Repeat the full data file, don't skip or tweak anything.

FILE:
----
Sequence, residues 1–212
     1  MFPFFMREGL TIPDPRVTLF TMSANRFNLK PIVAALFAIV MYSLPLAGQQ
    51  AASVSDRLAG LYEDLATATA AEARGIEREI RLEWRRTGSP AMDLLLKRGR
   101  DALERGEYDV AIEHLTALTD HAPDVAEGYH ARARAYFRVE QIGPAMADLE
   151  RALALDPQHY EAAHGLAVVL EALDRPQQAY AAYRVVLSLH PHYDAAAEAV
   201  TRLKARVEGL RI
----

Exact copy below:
Sequence, residues 1–212
     1  MFPFFMREGL TIPDPRVTLF TMSANRFNLK PIVAALFAIV MYSLPLAGQQ
    51  AASVSDRLAG LYEDLATATA AEARGIEREI RLEWRRTGSP AMDLLLKRGR
   101  DALERGEYDV AIEHLTALTD HAPDVAEGYH ARARAYFRVE QIGPAMADLE
   151  RALALDPQHY EAAHGLAVVL EALDRPQQAY AAYRVVLSLH PHYDAAAEAV
   201  TRLKARVEGL RI